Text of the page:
As many readers may know, taxes are not straightforward anywhere in the world but this is particularly true in Brazil and even more so when one looks at Brazil´s indirect taxation on sales and goods, the “Imposto sobre Operações relativas à Circulação de Mercadorias e sobre Prestações de Serviços de Transporte Interestadual e Intermunicipal e de Comunicação” or simply ICMS.

ICMS is a state tax, which means that each of Brazil´s 27 states can legislate, levy, impose and collect it. Also, it causes harmful tax competition between the states that grant tax incentives to attract local investments.

But in particular, it causes a lot of confusion due to the long list of different rules and interpretations.

In order to have some basic rules and provide at least a degree of certainty, there is a national law – law number 87/1996 – that regulates the main items of ICMS taxation according to the Federal Constitution and limits what the States can alter by local legislation. For example, the triggering events are defined by Law n. 86/1996, however, the tax rates can be different as defined by local legislation.

Interstate sales (e.g. a company in São Paulo sells to a company in Rio de Janeiro) have only three possible rates: a) 12% (general rule); b) 7% (when the seller is in a state of the south or southeast regions and the buyer is in the north, northeast and center-west regions); and c) 4% in any situation if the good is imported or does not meet a local content 40% threshold.

These interstate rates are always lower than the rates applicable in internal sales (i.e. when a company in São Paulo sells goods to another company or final consumer in São Paulo) and as a result, Brazil´s Federal Constitution sets forth a tax equalization regime, where the difference between the interstate rate (which is paid to the state of the seller) and the internal rate needs to be collected in order to equalize the tax rate (known in Brazil as “Difal”).

In cases where the buyer of the product is the final consumer and is not an ICMS taxpayer (usually natural persons and companies that are service providers), the difference between rates is paid by the seller to the state where the buyer is located. When the buyer is an ICMS taxpayer (purchasing fixed assets or items that will not be utilized in production or resold), the difference between rates must be collected to the state where the taxpayer is located.

For example, if an industry in São Paulo buys stationery items for its administrative office from a company in Rio de Janeiro, it will have to pay 6% ICMS to São Paulo since the interstate rate between Rio and São Paulo is 12% and the internal rate in São Paulo is 18%.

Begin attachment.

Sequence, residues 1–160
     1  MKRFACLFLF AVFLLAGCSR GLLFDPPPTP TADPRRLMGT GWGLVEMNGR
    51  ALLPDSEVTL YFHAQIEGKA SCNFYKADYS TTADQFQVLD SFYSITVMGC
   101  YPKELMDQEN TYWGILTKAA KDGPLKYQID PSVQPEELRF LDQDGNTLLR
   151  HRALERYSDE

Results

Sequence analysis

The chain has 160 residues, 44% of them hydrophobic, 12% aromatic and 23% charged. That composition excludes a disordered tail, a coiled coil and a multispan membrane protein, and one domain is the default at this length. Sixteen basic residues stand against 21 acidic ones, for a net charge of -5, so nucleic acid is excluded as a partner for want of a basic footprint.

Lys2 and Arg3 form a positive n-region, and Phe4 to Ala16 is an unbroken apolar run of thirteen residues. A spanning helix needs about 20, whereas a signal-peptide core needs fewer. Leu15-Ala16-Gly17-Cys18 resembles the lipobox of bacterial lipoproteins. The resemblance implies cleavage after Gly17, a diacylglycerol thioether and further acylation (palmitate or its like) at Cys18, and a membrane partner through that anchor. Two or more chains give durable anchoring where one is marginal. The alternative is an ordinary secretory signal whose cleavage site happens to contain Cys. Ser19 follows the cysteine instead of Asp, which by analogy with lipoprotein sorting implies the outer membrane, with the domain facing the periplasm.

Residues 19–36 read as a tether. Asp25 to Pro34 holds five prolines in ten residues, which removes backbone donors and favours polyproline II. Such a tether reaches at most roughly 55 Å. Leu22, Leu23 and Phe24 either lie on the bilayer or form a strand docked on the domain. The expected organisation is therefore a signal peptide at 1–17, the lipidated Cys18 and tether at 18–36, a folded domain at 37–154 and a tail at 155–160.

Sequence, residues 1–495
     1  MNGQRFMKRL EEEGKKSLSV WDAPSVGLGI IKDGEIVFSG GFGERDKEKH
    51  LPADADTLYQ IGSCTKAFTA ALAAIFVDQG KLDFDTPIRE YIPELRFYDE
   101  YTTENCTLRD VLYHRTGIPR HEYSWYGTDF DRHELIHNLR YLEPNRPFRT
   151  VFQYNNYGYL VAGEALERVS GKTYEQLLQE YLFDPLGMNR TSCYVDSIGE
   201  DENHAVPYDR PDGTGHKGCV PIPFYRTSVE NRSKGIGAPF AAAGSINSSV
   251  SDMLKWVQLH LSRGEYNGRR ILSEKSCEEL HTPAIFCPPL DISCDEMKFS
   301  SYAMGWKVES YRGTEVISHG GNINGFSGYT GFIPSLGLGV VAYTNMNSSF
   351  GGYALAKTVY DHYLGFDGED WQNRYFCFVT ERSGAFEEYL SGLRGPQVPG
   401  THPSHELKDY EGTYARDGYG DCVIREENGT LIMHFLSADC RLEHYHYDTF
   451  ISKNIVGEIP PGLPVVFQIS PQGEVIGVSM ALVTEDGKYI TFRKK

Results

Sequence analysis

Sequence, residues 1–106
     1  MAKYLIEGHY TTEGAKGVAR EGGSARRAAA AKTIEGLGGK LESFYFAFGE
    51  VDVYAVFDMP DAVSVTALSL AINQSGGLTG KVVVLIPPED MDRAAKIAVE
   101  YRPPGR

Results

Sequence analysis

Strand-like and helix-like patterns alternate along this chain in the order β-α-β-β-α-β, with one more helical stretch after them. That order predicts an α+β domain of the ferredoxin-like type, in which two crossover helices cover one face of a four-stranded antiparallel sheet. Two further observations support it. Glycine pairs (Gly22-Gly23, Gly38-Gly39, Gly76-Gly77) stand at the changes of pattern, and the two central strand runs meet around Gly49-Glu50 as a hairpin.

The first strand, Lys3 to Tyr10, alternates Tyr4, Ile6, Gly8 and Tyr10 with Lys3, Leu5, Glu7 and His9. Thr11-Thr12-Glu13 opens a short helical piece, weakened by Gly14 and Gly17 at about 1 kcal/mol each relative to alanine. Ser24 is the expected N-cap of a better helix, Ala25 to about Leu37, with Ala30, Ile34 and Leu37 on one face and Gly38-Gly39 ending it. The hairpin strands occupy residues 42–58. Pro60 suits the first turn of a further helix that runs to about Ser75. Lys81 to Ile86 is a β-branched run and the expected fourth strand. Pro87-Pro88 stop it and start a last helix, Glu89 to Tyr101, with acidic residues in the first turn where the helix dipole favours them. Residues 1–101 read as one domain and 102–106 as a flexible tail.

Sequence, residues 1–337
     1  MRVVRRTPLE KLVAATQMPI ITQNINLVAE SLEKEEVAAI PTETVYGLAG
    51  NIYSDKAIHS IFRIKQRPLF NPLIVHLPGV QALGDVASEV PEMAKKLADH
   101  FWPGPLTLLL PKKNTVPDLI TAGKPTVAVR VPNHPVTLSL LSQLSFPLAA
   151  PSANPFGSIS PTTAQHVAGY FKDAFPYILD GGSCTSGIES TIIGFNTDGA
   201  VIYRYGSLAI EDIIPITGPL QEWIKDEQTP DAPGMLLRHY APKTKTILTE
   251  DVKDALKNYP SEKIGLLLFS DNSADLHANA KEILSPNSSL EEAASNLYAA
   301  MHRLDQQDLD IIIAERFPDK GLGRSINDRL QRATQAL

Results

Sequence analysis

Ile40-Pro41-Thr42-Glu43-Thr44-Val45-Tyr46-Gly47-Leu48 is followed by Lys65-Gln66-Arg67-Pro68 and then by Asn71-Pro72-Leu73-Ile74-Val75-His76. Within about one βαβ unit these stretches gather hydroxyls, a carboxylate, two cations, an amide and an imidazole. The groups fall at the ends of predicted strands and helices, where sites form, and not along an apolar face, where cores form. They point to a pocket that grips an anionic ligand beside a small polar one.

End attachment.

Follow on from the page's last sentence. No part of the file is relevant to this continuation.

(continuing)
Until January 4, 2022, no national law provided the general rules regarding ICMS rate differences on interstate sales. However, given the provision in the Constitution, states charged such amounts, and taxpayers usually collected them to the state coffers. In 2021, the Supreme Court issued a binding and final ruling declaring that levying the ICMS rate difference was unconstitutional in the absence of federal law.

As a consequence of the ruling, Brazilian Congress approved on December 16, 2021, Bill of Law n. 32/2021, amending Law 87/1996 to comprise specific provisions for the rate difference levy and nationally regulating the matter, thus allowing states to levy the ICMS rate difference in line with the ruling from the Supreme Court. But the President only signed the bill into law in January 2022.

However, as strange as it may sound, the new law (n. 190/2022) that aimed to correct an unconstitutional charge of ICMS rate difference should also be deemed unconstitutional.

This owes to the fact that the Brazilian tax system, according to the Federal Constitution, should obey the principle of legality (no tax without prior law) and the principle of an enhanced nonretroactivity of the tax legislation. Thus, allowing new taxes or tax increases only if the relevant legislation is passed into law in the prior calendar year (and with at least 90 days between publication) before entering into effect.

In practice, this results in a highly debated issue: if Law 190/2022 should apply to triggering events happening in 2022 or only as from 2023, since it was passed into law only in January 2022. And the only way for taxpayers to solve the problem is to litigate it, requesting a writ of mandamus before state courts to have an order allowing them not to pay the rate difference. (This means that a company might have to file lawsuits in each one of the 27 years. Although, recently, the Brazilian Association of Industries filed direct action before the Supreme Court where a binding ruling could be issued and valid for all taxpayers)

There are arguments in favor of both sides – tax authorities will argue that there is no new tax or tax increase since the internal rate was not modified by the new law, on the other hand, taxpayers will certainly ground their allegation on the nonretroactivity of the tax legislation.

Once again, the Brazilian tax strategy can be the driver for winners and losers in specific economic sectors. Particularly the retail e-commerce segment can achieve tax savings of up to 11% (18% less 7%) if a logistics hub is set in the north or northeastern regions of Brazil to supply final consumers in São Paulo and if the company files for a lawsuit aimed at striking Law 190/2022 in 2022.

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